Australians’ love affair with big homes could be coming back to bite them, in the form of intolerably large mortgages.
There’s not much more the average Aussie wants than a nice big home and backyard. You only need to take a look at the typical Australian town or city suburbs to see what I mean.
But are Australian home buyers biting off more than they can chew? According to some property developers, this infatuation with big housing is creating a crisis for home availability, and affordability.
According to a report in the Sydney Morning Herald today, Australian houses have become the largest in the world.
Matthew Quinn, managing director of home building firm Stockland, told attendees at the Urban Development Institute conference yesterday, that Australian homes provide an average of 83 square metres per person, the daily reported. This is ahead of the US average of 78 square metres and way above the Japanese and British averages of just 33 and 32 square metres.
Because of this, Australian homebuyers are spending a lot more of their incomes servicing a mortgage – and sometimes far more than is comfortable, Mr Quinn said.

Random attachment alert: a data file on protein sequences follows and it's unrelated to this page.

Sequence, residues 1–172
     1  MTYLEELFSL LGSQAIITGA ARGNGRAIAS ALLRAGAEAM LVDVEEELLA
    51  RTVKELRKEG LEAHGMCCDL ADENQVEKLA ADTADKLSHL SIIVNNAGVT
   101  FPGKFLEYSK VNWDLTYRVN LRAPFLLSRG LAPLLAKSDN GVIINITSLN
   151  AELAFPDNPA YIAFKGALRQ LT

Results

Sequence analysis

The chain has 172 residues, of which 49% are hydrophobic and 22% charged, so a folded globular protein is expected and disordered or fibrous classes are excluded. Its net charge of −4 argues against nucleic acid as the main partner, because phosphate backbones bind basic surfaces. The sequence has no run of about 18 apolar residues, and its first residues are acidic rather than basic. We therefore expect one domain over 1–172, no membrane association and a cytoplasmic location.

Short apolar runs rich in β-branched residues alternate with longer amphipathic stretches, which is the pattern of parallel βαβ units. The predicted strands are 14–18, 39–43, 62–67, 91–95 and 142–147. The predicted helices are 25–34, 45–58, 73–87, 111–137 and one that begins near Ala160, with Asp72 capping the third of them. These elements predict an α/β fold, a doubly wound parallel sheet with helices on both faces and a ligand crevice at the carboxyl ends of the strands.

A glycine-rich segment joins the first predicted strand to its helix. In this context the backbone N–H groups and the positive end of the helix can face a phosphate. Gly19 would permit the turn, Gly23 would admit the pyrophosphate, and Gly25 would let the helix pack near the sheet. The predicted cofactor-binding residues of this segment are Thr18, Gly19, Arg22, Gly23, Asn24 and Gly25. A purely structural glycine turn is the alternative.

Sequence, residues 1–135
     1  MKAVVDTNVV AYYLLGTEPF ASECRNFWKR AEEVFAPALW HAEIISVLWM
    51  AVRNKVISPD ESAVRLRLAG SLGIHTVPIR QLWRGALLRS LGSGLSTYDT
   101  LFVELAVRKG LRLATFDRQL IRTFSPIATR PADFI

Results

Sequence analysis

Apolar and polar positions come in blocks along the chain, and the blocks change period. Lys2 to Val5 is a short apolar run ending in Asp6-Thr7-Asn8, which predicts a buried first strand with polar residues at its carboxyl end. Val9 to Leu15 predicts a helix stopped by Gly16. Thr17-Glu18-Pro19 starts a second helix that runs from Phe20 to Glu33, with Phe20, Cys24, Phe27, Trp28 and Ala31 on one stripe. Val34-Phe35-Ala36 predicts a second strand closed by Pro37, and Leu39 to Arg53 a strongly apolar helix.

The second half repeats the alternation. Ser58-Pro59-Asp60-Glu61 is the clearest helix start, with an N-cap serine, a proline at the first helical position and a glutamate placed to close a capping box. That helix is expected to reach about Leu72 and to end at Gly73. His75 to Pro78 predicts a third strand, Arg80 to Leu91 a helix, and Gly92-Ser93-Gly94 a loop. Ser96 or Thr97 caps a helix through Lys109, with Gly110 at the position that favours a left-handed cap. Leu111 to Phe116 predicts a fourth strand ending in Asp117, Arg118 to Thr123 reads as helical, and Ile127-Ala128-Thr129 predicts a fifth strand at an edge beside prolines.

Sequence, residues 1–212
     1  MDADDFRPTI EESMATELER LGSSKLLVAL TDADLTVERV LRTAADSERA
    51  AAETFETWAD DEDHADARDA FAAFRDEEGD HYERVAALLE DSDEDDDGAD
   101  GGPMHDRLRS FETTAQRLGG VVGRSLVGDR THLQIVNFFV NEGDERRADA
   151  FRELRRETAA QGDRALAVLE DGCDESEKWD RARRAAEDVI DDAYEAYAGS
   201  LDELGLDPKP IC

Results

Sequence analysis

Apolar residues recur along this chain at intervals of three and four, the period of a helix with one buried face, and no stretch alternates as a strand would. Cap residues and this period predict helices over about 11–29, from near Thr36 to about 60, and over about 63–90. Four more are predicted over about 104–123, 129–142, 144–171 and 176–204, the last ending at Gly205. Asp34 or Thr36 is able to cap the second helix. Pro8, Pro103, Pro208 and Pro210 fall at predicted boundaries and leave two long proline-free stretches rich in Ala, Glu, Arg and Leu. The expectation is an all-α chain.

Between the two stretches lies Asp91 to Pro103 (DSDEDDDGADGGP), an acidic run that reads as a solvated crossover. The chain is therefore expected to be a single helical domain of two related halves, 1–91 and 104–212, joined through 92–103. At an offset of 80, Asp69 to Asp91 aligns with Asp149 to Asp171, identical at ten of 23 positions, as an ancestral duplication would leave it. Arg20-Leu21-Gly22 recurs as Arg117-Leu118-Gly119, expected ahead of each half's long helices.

Whether it’s because of the size, or the location, when it comes to purchasing a first property, first time buyers should keep in mind what impact their mortgage will have on their lifestyle.
Is it really worth having a four bedroom palace if it means you’re up to your eyeballs in debt?
Don’t make the mistake of over-burdening yourself with debt. Many first time buyers find it pays to start a bit smaller with their first property purchase. Your mortgage repayments will be more manageable but you’ll still be building up equity with which you should be able to fund a bigger purchase down the track. At the same time, you’ll still have a bit of money to enjoy life while you’re still young.
It’s also important to make your own assessment of your loan serviceability – don’t necessarily borrow the maximum amount a lender tells you you’re eligible for. Think of the impact loan repayments are going to have on your day-to-day living and borrow accordingly.
A good idea is a ‘try before you buy’. Work out what income you would have left if you were managing a certain size home loan and start living by it. If you can comfortably keep to budget, that’s great, but if you can’t, re-evaluate your budget and reassess your buying options.
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